About Jesus - Steve Sweetman
He An Apostle?
In typical western world
Evangelical tradition a young man graduates from Bible College, gets hired
on as a youth pastor and in a couple of years is promoted to assistant
pastor. As time goes on he
becomes dissatisfied with the direction things are heading so he and a
number of others leave the congregation to plant a new church where he has
been for two decades. He now
considers himself an apostle because as is often understood these days, an
apostle is a church planter.
Our English word
"apostle" is transliterated from the Greek word
"apostolos", which means "one who is sent".
Inherent in this word is the idea of moving from place to place.
Apostolos wasn't a religious word.
If a mother sent her son to the market to buy bread, he would have
been on an apostolic mission. It's
that simple. Let's learn a bit
more about apostles by asking a few questions about one important apostle
in history. If I had a human
hero, it would be the Apostle Paul.
Who sent Paul on his
apostolic journey? After
praying and fasting the leaders of the Antioch community of believers laid
hands on Paul and Barnabas and sent them off on their first mission (Acts
Why did these leaders
send Paul and Barnabas out as apostles?
The Holy Spirit told them to set Paul and Barnabas aside for the
work of the Lord (Acts 13:2).
Who appointed Paul as an
apostle? Jesus appointed Paul
to be an apostle (Acts 9:15 - 16), or, as Paul put it in 1 Timothy 1:1,
Jesus commanded him to be an apostle.
What was Paul's apostolic
mission? Jesus told Paul that
he was to proclaim His name to Gentile kings and to the children of Israel, and in the process he'd suffer greatly (Acts 9:15 - 16).
In short, Jesus commanded
Paul to proclaim His name as an apostle.
The Holy Spirit told him when to begin his apostolic journey.
The leaders in Antioch
sent him on his way.
How did Paul view his
apostleship? "Paul, a
servant of Christ Jesus, called to be an apostle … (Romans 1:1)."
Paul viewed his apostleship as being a servant of God.
Did Paul have apostolic
authority? "This is why I
write these things when I am absent, that when I come I may not have to be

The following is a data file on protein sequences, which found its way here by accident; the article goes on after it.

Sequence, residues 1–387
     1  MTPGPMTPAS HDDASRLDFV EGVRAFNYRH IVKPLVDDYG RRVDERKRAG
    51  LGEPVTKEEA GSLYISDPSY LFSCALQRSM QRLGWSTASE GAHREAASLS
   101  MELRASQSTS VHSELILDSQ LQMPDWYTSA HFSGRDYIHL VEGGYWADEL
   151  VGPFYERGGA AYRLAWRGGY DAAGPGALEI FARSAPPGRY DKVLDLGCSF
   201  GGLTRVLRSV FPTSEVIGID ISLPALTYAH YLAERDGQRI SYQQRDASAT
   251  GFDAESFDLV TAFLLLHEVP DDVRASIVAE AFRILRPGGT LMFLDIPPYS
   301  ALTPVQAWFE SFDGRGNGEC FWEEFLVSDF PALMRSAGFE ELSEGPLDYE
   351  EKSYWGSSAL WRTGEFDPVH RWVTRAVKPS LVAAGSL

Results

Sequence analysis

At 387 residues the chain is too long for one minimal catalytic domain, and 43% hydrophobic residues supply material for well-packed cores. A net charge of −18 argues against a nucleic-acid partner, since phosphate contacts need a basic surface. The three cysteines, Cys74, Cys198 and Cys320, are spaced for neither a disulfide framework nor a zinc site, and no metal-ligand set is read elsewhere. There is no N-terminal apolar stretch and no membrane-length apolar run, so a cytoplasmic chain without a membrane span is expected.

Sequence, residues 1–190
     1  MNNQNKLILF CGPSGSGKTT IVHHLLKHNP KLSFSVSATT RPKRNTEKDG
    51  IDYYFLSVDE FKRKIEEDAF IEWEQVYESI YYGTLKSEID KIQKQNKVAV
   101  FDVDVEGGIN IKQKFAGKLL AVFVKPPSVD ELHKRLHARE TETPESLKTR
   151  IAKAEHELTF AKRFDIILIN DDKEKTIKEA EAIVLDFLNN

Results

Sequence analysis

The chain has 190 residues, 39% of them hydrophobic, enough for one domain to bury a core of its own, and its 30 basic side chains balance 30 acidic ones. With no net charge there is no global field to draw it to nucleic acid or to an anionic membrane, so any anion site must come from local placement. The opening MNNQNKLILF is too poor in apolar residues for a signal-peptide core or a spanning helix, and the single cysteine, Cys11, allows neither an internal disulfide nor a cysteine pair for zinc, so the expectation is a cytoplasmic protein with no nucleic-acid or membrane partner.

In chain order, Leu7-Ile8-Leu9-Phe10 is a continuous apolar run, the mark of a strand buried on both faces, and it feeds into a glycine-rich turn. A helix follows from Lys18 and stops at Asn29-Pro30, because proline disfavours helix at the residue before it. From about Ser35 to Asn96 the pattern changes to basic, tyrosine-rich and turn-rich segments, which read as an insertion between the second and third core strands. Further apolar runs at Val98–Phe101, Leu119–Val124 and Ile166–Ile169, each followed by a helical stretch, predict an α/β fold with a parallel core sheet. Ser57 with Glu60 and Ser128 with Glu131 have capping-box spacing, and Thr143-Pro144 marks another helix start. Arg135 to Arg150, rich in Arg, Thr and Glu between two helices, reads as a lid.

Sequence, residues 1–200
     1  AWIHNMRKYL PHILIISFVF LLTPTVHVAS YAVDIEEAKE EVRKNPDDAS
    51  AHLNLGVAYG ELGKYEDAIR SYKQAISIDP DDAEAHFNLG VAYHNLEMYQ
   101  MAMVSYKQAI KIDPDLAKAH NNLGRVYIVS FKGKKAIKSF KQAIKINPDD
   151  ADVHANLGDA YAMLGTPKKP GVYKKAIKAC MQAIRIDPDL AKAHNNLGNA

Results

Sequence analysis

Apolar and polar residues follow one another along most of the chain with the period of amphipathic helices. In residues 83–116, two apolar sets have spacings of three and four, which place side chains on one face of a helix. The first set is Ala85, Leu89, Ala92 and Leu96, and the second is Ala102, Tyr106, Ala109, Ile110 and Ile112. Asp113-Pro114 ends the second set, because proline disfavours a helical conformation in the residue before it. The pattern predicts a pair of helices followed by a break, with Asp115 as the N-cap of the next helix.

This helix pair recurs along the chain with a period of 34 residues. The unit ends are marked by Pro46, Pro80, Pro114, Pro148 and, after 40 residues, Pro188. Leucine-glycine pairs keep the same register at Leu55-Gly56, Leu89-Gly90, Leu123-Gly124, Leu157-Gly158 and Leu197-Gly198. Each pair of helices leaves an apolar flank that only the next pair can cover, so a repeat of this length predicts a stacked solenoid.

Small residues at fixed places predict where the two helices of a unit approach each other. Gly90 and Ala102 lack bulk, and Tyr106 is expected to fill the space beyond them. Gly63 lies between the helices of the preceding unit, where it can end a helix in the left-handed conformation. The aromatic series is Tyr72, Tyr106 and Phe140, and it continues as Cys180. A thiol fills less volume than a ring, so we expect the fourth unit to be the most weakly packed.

harsh in my use of authority - the authority the Lord gave me for building
you up, not for tearing you down (2 Corinthians 13:10)."
"… the authority the Lord gave us for building you up rather
than pulling you down … (2 Corinthians 14:8)."
Paul had apostolic authority.
Did Paul use his
authority in a dictatorial fashion? "I
am not commanding you … (2 Corinthians 8:8)."
"I wrote you out of great distress and anguish of heart and
with many tears … (2 Corinthians 2:4)."
Paul did not abuse his authority.
He was not a dictator. He
was a care giver, encouraging, teaching, and admonishing those belonging
Did Paul have the mark of
a true apostle? "The
things that mark an apostle - signs, wonders, and miracles, were done
among you (2 Corinthians 12:12)." Paul's
apostleship was validated by miracles.
See also Acts 19:1- 7 and Acts 28:1 - 6.
Was Paul's mission as an
apostle to plant churches? Jesus
specifically called Paul to proclaim His name (Acts 9:15 - 16).
Of course, Paul's hope in preaching Jesus was to lead people to Him
which would give birth to communities of believers.
Only then did he concern himself with church structure and ask men
like Titus to appoint elders in these communities (Titus 1:5).
To be Biblically precise;
I believe Paul's apostolic priority was to preach Jesus, not plant
churches. Similarly, Jesus
commanded the eleven apostles in Matthew 28:18 to do the same.
The creation of Christian communities was a result of Paul's
apostolic mission. It wasn't
the goal of his mission. I
don't believe I'm splitting hairs here.
I've seen, and have been involved in, so-called church plants that
have not been successful because of the preaching of a particular style of
church and not the preaching of Jesus.
So, was our pastor friend
in my opening paragraph an apostle or might have he been a pastor?
Was he sent out on a journey by the leaders of his congregation
after being told to do so by the Holy Spirit?
No. He left on his own
accord out of frustration. Did
Jesus command him to be an apostle? I
don't know, but if He did, I suggest that he should not have stayed in the
same locality for two decades. By
definition, an apostle is one who is on the move.
Did he plant a new church from scratch?
No. He had a ready made
church consisting of those he took with him from a church split. You can
decide whether he was an apostle or not.
There are many apostolic
movements these days. I've met
some of their leaders. I do
believe the apostolic ministry is a valid ministry in the Body of Christ
today. I also believe that if
we are to follow Jesus' instructions concerning apostles, and really,
concerning all of the Ephesian 4:11 ministries, we should try our best to
understand His instructions as He understood them.
Not everyone who calls himself an apostle is an apostle.
In somewhat of a sarcastic tone, Paul called some so-called
apostles "super-apostles" (2 Corinthians 11:5, 12:11).
As in every generation, there are some super-apostles who enjoy
exercising their dictatorial authority.
Jesus doesn't appoint "super-apostles".
He appoints "servant-apostles".